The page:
Retna Digital

LOS ANGELES (AP) -- Steve Coogan figures if any crowd in America knows who he is, it's probably the gang that will assemble for the Spirit Awards honoring independent film. The British actor and comedian is host of Saturday's ceremony, a loose, often potty-mouthed affair that stands as a racy prelude to Hollywood's main event, the Academy Awards on Sunday.

"If I'm going to do anything over here, this is the best thing to do, because the indie moviemakers are probably more familiar with me and my work than anyone else," Coogan, 43, said in an interview. "It'll be a good crowd for me. I'll feel as comfortable as I possibly could feel in front of a crowd of industry people doing comedy, which is kind of a poison chalice in some ways."

The Spirit Awards air live and uncut on IFC and later Saturday night in an edited version on AMC. Contenders include Oscar-nominated films such as "Milk," "The Wrestler," "Rachel Getting Married" and "Frozen River."

Coogan's leading-man credits generally have come in independent films such as Michael Winterbottom's "24 Hour Party People" and "Tristram Shandy: A Cock & Bull Story," along with last year's "Hamlet 2." He's gotten far-wider exposure in choice small roles in Hollywood flicks. Coogan appeared as the tiny Roman leader Octavius in Ben Stiller's "Night at the Museum," a role he reprises in this summer's sequel. Stiller also cast Coogan as the director who gets blown apart by a land mine in "Tropic Thunder" last summer, leading to one of the movie's biggest gross-out laughs when Stiller's character picks up the filmmaker's head and licks the blood, thinking it's a movie prop.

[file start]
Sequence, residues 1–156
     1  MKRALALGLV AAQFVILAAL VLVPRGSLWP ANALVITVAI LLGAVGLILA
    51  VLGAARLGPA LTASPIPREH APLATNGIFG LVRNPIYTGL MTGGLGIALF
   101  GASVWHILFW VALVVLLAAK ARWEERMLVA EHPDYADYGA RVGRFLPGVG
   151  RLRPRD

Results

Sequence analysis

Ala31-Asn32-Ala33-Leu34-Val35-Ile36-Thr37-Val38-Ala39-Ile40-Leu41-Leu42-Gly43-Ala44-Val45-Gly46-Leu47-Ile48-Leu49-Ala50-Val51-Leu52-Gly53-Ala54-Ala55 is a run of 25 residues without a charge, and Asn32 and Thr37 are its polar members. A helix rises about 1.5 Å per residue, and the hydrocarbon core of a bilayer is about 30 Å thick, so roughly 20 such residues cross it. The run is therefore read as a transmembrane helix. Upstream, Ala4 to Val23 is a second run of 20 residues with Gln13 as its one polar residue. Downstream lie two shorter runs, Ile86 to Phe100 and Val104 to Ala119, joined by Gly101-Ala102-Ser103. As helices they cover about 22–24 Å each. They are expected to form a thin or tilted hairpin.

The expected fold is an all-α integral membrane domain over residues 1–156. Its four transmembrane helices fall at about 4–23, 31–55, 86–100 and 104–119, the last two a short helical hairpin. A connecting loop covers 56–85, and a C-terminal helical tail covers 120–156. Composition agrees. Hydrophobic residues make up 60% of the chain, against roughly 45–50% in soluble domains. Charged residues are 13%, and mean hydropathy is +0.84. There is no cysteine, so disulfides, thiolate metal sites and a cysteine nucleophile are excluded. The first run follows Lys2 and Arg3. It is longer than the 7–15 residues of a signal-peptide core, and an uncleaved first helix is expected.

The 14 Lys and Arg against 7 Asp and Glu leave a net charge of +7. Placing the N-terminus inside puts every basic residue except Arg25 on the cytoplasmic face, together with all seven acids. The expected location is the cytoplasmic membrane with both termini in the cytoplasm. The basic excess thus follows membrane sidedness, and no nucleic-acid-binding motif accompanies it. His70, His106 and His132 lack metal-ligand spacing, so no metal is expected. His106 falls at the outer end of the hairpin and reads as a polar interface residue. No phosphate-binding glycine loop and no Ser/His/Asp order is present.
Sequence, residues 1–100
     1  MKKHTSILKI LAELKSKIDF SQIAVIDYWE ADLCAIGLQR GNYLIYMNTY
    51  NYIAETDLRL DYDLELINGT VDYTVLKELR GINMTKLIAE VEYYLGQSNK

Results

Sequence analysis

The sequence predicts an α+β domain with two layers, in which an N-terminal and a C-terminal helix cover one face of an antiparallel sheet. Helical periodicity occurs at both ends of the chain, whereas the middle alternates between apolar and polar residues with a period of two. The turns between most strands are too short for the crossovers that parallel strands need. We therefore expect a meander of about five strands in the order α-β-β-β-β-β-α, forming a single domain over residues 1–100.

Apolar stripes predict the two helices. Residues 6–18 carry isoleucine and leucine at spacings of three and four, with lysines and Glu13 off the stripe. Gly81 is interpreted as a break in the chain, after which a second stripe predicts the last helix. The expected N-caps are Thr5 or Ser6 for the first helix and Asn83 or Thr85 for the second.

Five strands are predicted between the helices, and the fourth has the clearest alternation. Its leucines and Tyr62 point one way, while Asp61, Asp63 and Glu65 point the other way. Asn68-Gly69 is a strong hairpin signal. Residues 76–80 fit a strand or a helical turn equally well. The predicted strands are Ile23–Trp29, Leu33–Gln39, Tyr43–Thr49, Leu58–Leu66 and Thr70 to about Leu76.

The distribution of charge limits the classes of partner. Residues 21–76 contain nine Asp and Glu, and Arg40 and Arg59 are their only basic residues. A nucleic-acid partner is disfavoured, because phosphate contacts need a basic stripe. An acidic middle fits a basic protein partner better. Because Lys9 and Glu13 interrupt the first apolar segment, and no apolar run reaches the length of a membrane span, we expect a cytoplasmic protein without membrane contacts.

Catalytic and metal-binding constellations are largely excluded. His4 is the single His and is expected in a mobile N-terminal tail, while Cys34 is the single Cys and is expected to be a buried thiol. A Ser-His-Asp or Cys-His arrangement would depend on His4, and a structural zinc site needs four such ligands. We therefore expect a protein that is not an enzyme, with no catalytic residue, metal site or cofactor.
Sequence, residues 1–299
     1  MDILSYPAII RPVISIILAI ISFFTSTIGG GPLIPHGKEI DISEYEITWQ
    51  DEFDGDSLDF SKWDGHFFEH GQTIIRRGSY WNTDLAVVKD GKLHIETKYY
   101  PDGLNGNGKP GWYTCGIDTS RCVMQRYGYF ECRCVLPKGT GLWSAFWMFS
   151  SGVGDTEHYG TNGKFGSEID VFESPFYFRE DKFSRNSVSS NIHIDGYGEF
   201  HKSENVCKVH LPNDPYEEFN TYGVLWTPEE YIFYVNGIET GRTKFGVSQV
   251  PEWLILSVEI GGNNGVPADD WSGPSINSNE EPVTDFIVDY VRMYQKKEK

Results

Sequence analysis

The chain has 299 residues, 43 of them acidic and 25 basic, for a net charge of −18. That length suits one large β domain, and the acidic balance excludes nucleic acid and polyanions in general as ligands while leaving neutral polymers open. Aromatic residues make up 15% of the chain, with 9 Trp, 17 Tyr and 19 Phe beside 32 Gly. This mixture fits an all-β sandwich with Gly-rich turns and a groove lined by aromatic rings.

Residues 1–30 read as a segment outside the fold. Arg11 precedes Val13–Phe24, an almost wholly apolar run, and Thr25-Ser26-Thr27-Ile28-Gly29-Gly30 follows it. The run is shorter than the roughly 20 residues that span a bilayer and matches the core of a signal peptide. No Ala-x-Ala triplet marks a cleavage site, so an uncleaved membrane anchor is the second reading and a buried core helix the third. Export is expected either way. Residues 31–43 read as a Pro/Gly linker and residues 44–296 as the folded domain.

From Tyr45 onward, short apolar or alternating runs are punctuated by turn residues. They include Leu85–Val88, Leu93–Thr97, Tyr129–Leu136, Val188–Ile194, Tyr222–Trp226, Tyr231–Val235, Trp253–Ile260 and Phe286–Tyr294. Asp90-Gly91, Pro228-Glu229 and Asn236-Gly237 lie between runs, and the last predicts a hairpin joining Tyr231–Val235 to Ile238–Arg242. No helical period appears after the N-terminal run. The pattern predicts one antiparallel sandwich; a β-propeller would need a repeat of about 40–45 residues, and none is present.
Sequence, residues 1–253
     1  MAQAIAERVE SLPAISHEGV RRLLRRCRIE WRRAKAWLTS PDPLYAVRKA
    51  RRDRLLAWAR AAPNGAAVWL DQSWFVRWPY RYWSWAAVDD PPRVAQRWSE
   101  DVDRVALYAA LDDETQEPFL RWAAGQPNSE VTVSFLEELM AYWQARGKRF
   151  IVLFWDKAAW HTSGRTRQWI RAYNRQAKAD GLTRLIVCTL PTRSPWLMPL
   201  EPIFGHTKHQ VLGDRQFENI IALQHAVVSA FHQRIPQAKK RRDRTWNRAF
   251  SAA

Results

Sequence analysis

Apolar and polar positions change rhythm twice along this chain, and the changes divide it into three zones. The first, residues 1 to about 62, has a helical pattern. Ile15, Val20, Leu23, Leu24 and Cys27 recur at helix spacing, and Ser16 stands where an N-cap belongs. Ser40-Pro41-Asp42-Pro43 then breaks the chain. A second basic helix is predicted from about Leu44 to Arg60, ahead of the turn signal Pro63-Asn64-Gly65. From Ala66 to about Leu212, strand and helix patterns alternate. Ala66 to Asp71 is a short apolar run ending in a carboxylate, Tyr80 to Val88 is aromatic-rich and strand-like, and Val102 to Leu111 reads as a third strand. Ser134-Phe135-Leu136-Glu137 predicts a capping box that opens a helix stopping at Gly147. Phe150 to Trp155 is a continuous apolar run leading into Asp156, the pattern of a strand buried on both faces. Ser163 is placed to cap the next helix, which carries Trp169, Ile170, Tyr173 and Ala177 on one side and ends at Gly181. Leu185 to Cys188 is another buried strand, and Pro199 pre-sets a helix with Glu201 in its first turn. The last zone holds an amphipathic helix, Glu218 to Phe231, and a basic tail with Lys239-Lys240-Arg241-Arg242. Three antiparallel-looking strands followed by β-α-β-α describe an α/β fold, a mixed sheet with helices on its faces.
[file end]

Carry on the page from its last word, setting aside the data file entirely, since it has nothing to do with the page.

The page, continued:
"Ben, he metaphorically licks my head every now and again by throwing me a little work in his big, big movies, which is very nice of him," Coogan said.

Coogan honed his skills as a youth listening to comedy albums and doing impersonations, later studying at drama school. He has built up a cult following for his British TV character Alan Partridge, a talk-show blowhard constantly in over his head. The character arose from a radio sketch in which Coogan copped the persona of a blustery sports commentator. "They have a kind of confident delivery that far exceeds their intellectual capacity," Coogan said. "I just did that. I did someone who thinks he knows more than he does and speaks with that kind of confidence. However ignorant you are, speak with confidence and don't leave any gaps. That's a kind of affliction you see all over the world on mainstream TV."

Coogan himself would not mind going more mainstream, maybe taking the lead in his own Hollywood franchise one day.

"There's a few steps in between where I am now and that, before a studio's going to take that kind of a risk. But yeah, everybody wants to have their cake and eat it. I'd like to have the opportunity to reach a wider audience without losing whatever it is that I do," Coogan said. "I think it's a possibility. Audiences here are becoming a little more familiar with me."

On the Net:

http://spiritawards.com